Angelina Jolie has a "new hunk" according to the Enquirer, which is shocked to find her photographed "on several occasions" with a "Brad Pitt ringer" in Cambodia. Well, he's the cameraman on her latest movie, so let's be honest: it's hard to film a movie without the cameraman and star being in close proximity.
"Marilyn Monroe body exhumed!" screams the front page of the National Examiner, declaring: "New autopsy proves sexpot was murdered by the Kennedys!" It's a great story, until you open the magazine to find that Monroe has not been exhumed, and no new evidence has been found – it's simply the tabloid's tame private investigator calling for the exhumation because "it's possible" that new technology might determine if she was a victim of foul play.
I'm as tempted to believe the Examiner's claim that Easter Island's majestic moai statues were "made by alien beings," as the Enquirer's proclamation that "Trump must be president" and "it's too late in the race for the other contenders to catch him." While it's true that Trump holds a respectable lead and carries the same air of inevitability that one feels watching a movie thriller when you just know the serial killer will ultimately face off mano a mano with the lead detective in the final scene, there are many ways that Ted Cruz and even Marco Rubio could mathematically and statistically still win the nomination or a brokered convention. Yes, the bad guy almost inevitably gets nailed before the closing credits, but the Enquirer should remember that every now and then a Hannibal Lecter will get away at the end and have a friend for dinner. Not that I'm comparing Trump to Hannibal Lecter. I wouldn't want to insult Dr. Lecter.
The Enquirer has decided that the Illuminati is the "new Scientology," branding it a "cult" that is allegedly recruiting celebrities including Britney Spears, Beyonce, Miley Cyrus, Rihanna, and Celine Dion. Let's be honest: that's either a cult with very low expectations, or one orchestrated by a Las Vegas lounge booking agent.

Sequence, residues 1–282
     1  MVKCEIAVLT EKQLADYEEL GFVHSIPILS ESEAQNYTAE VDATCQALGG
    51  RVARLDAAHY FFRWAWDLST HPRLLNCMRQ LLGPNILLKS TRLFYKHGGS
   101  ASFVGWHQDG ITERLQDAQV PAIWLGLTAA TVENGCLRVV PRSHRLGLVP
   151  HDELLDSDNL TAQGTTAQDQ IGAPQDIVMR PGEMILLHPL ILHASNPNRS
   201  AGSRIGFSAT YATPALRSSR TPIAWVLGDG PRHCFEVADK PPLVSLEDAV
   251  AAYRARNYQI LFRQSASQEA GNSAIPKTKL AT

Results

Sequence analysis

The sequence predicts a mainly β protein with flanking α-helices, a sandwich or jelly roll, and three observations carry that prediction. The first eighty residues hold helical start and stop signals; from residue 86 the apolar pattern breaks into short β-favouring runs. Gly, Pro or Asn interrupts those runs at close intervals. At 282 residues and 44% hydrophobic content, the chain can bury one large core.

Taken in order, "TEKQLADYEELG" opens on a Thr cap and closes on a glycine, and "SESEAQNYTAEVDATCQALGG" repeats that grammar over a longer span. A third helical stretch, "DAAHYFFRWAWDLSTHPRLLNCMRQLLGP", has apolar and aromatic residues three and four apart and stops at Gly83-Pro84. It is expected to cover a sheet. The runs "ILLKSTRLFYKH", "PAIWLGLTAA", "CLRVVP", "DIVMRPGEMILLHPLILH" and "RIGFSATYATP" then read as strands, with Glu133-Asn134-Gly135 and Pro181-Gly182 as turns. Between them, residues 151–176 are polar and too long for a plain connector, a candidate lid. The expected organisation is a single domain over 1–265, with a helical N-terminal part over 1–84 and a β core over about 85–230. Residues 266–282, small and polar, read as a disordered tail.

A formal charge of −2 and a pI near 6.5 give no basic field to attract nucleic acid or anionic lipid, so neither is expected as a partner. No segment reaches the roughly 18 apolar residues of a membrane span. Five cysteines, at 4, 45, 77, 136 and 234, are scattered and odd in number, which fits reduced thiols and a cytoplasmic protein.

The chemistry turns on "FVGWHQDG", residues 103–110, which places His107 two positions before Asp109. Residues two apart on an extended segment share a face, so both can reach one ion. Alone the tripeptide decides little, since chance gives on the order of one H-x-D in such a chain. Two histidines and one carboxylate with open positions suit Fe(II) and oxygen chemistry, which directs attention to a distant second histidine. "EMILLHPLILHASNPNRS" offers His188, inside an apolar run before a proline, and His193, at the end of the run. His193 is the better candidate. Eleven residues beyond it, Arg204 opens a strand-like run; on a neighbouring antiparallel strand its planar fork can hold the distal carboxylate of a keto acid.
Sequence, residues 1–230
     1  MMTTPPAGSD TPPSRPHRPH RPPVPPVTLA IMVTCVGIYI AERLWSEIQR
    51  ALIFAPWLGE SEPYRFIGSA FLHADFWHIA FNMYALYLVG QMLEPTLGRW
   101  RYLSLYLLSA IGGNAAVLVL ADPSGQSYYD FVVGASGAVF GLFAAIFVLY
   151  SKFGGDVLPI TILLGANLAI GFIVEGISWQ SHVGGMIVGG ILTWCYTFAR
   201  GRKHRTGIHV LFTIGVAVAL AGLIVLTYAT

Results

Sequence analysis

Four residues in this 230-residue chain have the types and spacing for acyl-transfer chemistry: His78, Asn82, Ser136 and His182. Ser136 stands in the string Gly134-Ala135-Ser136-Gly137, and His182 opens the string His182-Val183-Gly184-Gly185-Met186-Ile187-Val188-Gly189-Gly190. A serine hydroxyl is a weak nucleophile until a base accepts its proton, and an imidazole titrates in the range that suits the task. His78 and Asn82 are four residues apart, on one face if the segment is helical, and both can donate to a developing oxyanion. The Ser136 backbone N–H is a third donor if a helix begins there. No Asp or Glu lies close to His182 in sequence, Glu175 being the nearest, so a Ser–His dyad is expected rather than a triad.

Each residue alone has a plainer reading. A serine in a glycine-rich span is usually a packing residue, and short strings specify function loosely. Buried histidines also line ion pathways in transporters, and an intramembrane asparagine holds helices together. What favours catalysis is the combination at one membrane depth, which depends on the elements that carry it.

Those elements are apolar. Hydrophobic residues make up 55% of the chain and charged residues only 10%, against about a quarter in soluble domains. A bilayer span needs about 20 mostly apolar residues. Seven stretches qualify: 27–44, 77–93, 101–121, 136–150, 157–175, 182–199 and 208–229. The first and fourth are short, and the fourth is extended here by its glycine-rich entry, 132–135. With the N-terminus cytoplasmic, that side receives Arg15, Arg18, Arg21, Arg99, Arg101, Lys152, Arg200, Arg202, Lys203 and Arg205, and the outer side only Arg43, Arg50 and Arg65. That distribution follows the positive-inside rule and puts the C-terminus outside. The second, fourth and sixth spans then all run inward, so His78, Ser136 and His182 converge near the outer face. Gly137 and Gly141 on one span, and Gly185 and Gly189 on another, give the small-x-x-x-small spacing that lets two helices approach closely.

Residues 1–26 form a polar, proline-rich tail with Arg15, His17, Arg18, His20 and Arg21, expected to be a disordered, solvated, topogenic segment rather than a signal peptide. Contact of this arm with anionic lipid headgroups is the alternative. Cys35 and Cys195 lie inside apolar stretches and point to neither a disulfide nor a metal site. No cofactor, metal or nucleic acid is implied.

In the celebrity glossies, People magazine's cover offers Gwen Stefani and Blake Shelton's "untold love story." which proves so banal it should have been left untold, while Us magazine features TV's Bachelor Ben Higgins lamenting "I put her through hell" – though he can't tell us exactly who he put through hell, since we have to watch the can't-miss conclusion of his epic "journey" to find love before he can reveal which girl he's chosen to give his Neil Lane diamond engagement ring – which by the way isn't legally hers until the couple have been together for two years, or it reverts to Neil. So romantic.
Kate Hudson and Hilary Duff wore it best, actress Aja Naomi King (Who she, Ed?) carries nail polish, sunglasses and keys in her handbag, singer Loretta Lynn confesses that she can't swim, and the stars are just like us: they shop for flowers, eat dinner, and talk on their cell phones. Gripping revelations.
And if you weren't bored to tears by this year's Academy Awards, then race to grab your copy of People, which has 50 relentless pages of Oscars coverage – and if that doesn't reduce you to tears, nothing will, not even the thought of President Trump in reality being a northern white rhinoceros transformed by aliens into a Yangtze finless porpoise in a business suit.
Believe me. I know a source.
Onwards and downwards . . .